Western Influences Are Strong

Once American television shows and movies became accessible in the early 1990s, they heavily influenced the views and ideals of Chinese youth. Yang Gao, a Singapore Management University sociologist who researches foreign entertainment’s influence on Chinese youth, observed that American TV is “massively popular” among the Chinese younger generation.

The reasons aren’t surprising. Young people find the individualist ideas of spontaneity, nonconformity, and self-realization very appealing. The common theme of standing up against authority and the establishment are particularly attractive to China’s  millennials.

The CCP has determined that additional ideological support is necessary against the invasion of Western values into Chinese culture, or what Chinese leader Xi Jinping termed, “the wrong ideas.” Those would include democracy and the rule of law, as well as religious and spiritual beliefs, with Christianity, Islam and Falun Gong at the top of the list. The CCP’s solution is to reinforce political and indoctrination and monitoring of children beginning at the earliest school age, and teachers and university professors, too.

But some historical facts simply can’t be avoided, even under the powerful propaganda and censorship of the CCP. China’s millennials are quite aware of the fall of the Soviet Union and Eastern European communist political systems and the contrast with open, Western liberal societies that continue to endure. Furthermore, the existence of a free and democratic Taiwan just offshore and Hong Kong’s wealth and relative liberty on the coastal mainland continues to impact the thinking of millennials.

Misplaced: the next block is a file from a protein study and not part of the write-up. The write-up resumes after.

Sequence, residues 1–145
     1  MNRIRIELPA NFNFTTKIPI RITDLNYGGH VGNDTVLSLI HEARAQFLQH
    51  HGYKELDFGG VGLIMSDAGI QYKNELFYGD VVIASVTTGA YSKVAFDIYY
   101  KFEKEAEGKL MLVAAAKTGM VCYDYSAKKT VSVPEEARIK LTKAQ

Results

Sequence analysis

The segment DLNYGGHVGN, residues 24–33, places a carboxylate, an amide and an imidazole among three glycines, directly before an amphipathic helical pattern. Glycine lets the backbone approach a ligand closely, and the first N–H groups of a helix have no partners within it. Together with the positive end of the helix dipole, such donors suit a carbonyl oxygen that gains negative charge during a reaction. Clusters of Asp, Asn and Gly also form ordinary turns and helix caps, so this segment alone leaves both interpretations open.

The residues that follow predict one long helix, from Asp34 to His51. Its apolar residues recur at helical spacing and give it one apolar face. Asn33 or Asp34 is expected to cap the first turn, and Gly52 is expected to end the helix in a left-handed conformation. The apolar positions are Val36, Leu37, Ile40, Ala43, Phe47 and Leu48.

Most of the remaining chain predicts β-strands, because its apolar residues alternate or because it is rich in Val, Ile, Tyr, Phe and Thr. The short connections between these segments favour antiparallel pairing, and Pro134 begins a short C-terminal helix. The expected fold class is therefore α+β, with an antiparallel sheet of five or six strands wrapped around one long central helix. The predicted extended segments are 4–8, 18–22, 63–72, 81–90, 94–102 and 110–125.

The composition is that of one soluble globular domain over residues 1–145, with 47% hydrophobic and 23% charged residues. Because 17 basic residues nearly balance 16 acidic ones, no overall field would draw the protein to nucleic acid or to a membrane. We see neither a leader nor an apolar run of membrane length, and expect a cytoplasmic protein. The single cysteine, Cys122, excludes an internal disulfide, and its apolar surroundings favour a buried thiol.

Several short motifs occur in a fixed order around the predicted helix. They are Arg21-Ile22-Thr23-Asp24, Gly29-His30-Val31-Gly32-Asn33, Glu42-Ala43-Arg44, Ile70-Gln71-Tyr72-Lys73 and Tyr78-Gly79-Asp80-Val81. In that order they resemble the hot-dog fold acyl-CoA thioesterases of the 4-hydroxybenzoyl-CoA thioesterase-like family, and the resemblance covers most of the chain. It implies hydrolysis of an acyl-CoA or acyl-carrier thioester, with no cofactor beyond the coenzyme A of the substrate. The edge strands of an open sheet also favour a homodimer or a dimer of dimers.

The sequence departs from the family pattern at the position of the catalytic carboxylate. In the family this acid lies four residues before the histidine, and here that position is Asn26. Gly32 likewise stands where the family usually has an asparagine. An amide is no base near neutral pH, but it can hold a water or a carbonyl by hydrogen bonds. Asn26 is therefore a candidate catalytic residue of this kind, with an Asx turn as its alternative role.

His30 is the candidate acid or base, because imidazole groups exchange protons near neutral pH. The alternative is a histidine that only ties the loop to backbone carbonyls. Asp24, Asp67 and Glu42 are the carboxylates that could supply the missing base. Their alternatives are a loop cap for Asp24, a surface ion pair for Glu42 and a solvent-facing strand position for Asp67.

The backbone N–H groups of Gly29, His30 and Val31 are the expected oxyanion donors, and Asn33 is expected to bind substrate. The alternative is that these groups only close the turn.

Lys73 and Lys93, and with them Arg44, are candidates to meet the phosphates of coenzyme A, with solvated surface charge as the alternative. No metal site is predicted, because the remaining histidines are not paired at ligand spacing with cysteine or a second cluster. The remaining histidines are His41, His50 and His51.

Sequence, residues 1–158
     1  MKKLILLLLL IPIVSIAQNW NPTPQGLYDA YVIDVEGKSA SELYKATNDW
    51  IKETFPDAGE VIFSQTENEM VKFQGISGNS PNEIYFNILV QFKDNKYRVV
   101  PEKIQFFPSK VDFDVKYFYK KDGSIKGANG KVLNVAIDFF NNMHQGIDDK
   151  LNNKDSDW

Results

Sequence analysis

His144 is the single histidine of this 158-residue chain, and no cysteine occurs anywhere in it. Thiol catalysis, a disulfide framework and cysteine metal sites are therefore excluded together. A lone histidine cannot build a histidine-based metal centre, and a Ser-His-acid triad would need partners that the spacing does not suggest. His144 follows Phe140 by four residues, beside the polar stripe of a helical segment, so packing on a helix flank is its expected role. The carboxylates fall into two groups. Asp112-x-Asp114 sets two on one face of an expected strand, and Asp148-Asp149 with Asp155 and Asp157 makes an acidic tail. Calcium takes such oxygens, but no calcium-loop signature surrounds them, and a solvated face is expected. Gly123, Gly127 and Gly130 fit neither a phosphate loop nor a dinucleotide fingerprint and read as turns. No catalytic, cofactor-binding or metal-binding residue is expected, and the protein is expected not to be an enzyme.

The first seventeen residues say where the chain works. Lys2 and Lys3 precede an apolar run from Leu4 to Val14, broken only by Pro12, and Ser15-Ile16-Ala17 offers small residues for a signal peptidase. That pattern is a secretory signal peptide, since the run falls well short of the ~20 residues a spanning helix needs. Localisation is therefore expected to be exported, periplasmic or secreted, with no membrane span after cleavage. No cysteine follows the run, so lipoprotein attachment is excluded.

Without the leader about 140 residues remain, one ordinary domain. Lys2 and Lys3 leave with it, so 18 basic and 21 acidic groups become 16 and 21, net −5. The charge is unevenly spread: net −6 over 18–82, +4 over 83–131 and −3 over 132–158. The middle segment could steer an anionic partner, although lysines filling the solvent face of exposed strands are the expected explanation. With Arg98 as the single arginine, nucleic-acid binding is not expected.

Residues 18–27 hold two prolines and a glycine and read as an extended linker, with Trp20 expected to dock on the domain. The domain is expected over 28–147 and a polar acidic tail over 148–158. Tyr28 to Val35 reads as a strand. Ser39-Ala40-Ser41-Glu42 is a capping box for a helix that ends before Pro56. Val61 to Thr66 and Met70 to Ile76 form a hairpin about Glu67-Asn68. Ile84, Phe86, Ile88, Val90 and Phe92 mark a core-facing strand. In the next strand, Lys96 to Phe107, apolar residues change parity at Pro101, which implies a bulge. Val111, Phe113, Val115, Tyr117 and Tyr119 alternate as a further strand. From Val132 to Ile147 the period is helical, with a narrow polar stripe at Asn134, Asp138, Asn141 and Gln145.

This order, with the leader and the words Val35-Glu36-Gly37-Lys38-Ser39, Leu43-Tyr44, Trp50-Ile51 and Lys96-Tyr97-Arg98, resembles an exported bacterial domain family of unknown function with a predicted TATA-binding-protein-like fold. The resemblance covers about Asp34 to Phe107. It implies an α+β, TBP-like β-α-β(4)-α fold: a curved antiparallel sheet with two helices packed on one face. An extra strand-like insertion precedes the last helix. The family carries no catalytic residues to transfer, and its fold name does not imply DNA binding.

Stanley Rosen, a professor at the University of Southern California who studies the relationship between Chinese youth and the state noted that, “Over the past decade … many Chinese college students—perhaps even a majority of them—prefer elements of liberal democracy to China’s one-party system. I think there is a real threat.”

The “996” Life

As millennials become more aware of the rest of the world through travel, entertainment, the internet and social media, their view on work and life has changed. The younger generation works hard in upscale jobs to indulge in luxury items from the West as a reward for their hard work. The “996” life—working 9 a.m. to 9 p.m. six days a week—is their way out of the life their parents lived. They’re rejecting the dull factory work their parents performed and the stifling propagandistic culture of the Party. They value luxury and autonomy and look down on conformity and authority.

The CCP’s Big Challenge

At the other end of the spectrum, even those that believe in the Marxist ideology are dissatisfied with the current leadership. Some of the most enthusiastic Marxist millennials regard the current party and its leadership as not being Marxist enough. The backlash includes criticism for their hypocrisy on equality and sexism in the Party.

With his ascension to leader-for-life, Xi now effectively owns China. That gives him enormous power, but it is also a double-edged sword. The old days of indoctrination of the masses through the totalitarian control of information are long gone. Whatever goes wrong in China, from a struggling economy to appalling levels of pollution to inflation and more, the blame will belong to Xi and the CCP.

For Xi Jinping, trying to control the energies, doubts and aspirations of its younger generation may prove to be the most difficult challenges he faces. Dealing with U.S. President Donald Trump may well be the highlight of his day.

James Gorrie is a writer based in Texas. He is the author of “The China Crisis.”

Views expressed in this article are the opinions of the author and do not necessarily reflect the views of The Epoch Times.